Films of Genocide and Ethnic Cleansing
Foreword: Raymond G. Helmick, SJ
Raymond G. Helmick, SJ
The idea for this collection of essays arose while John Michalczyk and I offered a course on the topic of genocide and ethnic cleansing during the fall term of 2011 at Boston College. The course had a double focus: a study of the many instances of genocide and the usefulness of film to the topic. The course was consequently listed under two departments of the university: Theology for its ethical dimension and Fine Arts for its film aspects. The students had to attune themselves to these two dimensions. I brought to it my extensive experience as mediator in many violent conflicts while John was the filmmaking specialist. It was during the making of many documentary films about peace-making over the years, beginning in 1997 in Northern Ireland, that we realized we shared one another’s concerns.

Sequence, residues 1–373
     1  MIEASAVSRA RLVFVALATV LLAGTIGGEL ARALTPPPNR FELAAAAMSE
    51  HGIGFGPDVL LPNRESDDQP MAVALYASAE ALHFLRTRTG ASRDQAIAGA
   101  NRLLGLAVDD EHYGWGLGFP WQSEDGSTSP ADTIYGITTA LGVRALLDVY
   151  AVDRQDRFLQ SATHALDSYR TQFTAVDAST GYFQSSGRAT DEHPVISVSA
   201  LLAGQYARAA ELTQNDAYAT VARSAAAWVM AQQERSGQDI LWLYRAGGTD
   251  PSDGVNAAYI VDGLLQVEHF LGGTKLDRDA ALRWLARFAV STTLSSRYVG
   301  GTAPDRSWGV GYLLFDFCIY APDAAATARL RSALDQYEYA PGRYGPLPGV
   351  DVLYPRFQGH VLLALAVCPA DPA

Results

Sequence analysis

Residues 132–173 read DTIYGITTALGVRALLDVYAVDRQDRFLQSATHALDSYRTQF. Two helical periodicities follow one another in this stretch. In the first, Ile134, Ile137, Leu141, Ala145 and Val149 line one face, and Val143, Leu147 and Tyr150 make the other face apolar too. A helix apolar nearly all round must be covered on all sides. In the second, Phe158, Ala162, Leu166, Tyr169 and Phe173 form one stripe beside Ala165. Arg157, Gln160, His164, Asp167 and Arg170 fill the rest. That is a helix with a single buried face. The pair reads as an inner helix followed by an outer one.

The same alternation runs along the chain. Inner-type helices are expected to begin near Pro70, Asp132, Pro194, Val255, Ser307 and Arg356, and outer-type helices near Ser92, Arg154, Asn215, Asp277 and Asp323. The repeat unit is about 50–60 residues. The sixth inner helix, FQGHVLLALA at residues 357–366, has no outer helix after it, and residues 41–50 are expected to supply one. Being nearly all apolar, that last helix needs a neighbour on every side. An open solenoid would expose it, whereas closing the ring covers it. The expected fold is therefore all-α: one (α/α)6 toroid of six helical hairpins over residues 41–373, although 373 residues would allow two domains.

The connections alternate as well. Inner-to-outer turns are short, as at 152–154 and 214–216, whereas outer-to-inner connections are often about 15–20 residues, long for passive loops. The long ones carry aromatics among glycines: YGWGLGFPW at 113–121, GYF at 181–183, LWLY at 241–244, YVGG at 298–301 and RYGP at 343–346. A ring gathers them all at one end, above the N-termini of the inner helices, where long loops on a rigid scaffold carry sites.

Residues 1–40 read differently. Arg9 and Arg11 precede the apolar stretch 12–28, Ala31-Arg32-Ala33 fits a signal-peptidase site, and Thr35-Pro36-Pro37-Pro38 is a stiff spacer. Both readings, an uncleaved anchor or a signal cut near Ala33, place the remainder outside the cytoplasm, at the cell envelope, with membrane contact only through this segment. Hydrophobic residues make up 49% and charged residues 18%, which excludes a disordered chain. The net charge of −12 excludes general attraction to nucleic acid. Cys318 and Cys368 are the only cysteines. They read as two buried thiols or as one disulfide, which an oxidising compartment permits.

Genocide is a term invented by Raphael Lemkin, first used in his Axis Rule in Occupied Europe, a book published by the Carnegie Endowment for International Peace in November 1944. Lemkin, a Jewish student at the University of Lwow, had become fascinated by the trial of Soghomon Tehlirian, a young Armenian who in 1921 had assassinated Mehmet Talaat, the former Interior Minister of Turkey and organizer of the killing, by firing squad, bayonet, bludgeon and starvation, of over a million Armenians in 1915. It seemed bizarre to Lemkin that the assassin should stand trial for murder in a court that had no quarrel with...
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